Those popes who bear the name, "Pius," are the greatest guardians of the Church against heresy. This blog is a watchdog for modernism in the Church. In reality, outside this blog, the members of the board temper their criticisms and opinions with prudence and charity so as to help souls in their journey towards Christ. But sometimes, for the sake of their own sanity, the authors of this blog just need to blow off some steam. The result is Totus Pius.

12 June 2006

In defense of black

Fr. Jonathan Robinson, founder of the Oratory of St. Philip Neri in Canada, writes in his book, The Mass and Modernity: Walking to Heaven Backwards (Ignatius Press, 2005), "It seems to me obvious in light of what I have written that wearing white vestments for funerals ought to be the exception and not the norm. Funerals are about, and for, the person who has died. The comfort of the bereaved and all the other important community aspects of death must be recognized, but they must not determine the rite of Christian burial" (p. 115).

Who doesn't love black vestments? We think it pertinent to explore the reasons Fr. Robinson provides for his conclusion cited above. Fr. Robinson argues that David Hume's philosophy, specifically his work on miracles, has touched the Christian mind in such a way that it has adversely affected Christian funeral rites. Hume says of miracles that they are a violation of the laws of nature. Everyone, even Christians, concede this point. He then states that the laws of nature have been formed by "a firm and unalterable experience." Again, everyone accepts this premise. Thus, Hume reaches the conclusion that any argument against miracles has as much force as any argument from experience that can be imagined. Very brilliant. What does this have to do with Christian funeral rites?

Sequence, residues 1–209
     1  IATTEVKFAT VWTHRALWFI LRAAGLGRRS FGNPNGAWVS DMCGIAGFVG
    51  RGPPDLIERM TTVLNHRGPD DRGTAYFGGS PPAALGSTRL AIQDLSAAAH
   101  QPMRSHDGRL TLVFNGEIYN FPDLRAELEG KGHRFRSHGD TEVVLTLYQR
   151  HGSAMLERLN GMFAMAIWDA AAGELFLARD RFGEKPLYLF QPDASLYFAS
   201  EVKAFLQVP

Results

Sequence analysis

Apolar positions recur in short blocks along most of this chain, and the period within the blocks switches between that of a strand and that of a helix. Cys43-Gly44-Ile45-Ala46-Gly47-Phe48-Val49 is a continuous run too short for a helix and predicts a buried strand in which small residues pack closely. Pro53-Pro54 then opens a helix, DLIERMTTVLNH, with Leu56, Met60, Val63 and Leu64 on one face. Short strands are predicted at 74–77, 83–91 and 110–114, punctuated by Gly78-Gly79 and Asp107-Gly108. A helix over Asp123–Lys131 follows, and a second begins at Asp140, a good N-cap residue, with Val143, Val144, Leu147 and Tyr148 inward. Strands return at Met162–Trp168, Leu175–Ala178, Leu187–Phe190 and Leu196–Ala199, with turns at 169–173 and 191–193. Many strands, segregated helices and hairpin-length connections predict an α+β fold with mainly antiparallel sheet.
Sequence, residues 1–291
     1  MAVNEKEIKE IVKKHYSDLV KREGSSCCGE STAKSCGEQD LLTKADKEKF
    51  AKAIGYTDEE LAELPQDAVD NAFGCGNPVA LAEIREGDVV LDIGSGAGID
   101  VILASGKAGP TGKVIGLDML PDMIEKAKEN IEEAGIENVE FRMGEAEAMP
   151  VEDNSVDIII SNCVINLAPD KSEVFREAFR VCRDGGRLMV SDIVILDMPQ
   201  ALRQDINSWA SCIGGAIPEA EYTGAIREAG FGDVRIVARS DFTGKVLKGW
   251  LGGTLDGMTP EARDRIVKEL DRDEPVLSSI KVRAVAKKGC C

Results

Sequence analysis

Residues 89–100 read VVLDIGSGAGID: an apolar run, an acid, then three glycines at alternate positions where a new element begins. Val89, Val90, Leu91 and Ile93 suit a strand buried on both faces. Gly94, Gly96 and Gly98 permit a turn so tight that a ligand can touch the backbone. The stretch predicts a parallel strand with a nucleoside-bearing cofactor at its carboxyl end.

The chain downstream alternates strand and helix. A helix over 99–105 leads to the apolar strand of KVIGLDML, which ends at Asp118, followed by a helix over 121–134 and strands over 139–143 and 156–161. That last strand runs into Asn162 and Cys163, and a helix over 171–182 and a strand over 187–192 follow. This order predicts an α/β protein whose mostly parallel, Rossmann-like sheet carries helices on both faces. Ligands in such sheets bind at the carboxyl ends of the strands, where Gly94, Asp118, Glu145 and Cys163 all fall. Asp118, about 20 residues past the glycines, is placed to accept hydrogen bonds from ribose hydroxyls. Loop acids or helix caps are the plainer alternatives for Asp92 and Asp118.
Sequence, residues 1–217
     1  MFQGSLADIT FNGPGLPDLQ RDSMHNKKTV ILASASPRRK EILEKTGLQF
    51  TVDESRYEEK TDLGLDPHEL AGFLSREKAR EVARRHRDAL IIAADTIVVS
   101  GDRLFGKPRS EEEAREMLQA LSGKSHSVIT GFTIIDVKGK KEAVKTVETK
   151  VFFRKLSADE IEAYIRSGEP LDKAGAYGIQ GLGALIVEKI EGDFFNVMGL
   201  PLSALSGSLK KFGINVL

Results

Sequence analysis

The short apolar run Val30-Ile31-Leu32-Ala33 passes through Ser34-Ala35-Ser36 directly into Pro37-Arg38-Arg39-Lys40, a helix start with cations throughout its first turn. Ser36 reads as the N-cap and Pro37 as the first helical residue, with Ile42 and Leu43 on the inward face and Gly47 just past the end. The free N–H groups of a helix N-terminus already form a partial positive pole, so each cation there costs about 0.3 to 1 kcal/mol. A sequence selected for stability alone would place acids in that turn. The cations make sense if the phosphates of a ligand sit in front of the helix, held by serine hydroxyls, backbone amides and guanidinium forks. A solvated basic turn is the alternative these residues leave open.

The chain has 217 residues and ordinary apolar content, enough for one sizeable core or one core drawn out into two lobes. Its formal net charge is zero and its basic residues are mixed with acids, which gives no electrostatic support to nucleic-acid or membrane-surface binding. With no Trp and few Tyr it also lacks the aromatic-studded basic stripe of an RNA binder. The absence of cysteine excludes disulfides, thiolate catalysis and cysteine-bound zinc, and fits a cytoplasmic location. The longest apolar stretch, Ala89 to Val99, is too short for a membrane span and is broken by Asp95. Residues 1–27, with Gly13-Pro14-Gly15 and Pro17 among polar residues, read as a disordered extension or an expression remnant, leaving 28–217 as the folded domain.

Fr. Robinson asserts that this philosophy has crept into theology and has led many scholars to assert that the Resurrection of Christ was not an actual, historial event, but rather a spiritual one experienced by His earliest disciples. While this belief is not taken up explicitly by Catholic theologians, Fr. Robinson writes, it has exercised a profound influence on Catholic worship. He writes, "What I am objecting to is the all too common conviction that funerals are a sort of instant canonization of the dead person in the interests of the community left behind; or, as an even stronger version of this goes, 'funerals have nothing to do with the dead person'" (p. 110). Fr. Robinson goes on to explain the important of the infallable doctrine of purgatory and the importance of praying for departed souls. Hume is difficult and Fr. Robinson's book is worth a read to see more clearly the logical connections between Hume and current practice. At any rate, here is a defense of black in a nutshell. We affirm and approve it.

5 comments:

Papa Beatus Pius IX said...

At this moment, our will consists of two "last wishes:"

1) That the mass be celebrated in Latin

2) That the priest and deacon be wearing black vestments

That is all.

Ma Beck said...

Mmmmmmmmm, black vestments. Tasty.
You've probably already seen it, but here's some video of black vestments. Oh, and Mozart's Requiem and all that, too.
http://www.cantius.org/MusicVideos.htm

Ma Beck said...

Papa,
I concur with your last wishes.
I have those, plus one more.
(One of those plastic wreaths with the toy telephone and the banner that reads 'Jesus Called'.)

Anonymous said...

I agree that funerals these days are instant canonizations which I find to be such a lack of charity for the deceased. Who will think to pray for them?
I have told my children repeatedly that they are to acquire black vestments asap after I die so that they can be used for my funeral rite. Wills aren't always opened in a timely manner. They will also have to find a priest who will agree to wear them, that is who will celebrate my funeral. That priest is also to be instructed that I request at the funeral Mass to have the symbolism of the black vestments explained to everyone and that they be asked to always pray for the repose of my soul, although those who know me probably won't need much convincing of that! Hope they can find a priest who will agree to all of the above...

Ma Beck said...

Anon,
Good plan.
In my opinion, it doesn't hurt to discuss this with your parish priest at any time, no matter your age or health.
And having the priest explain the symbolism is an excellent idea.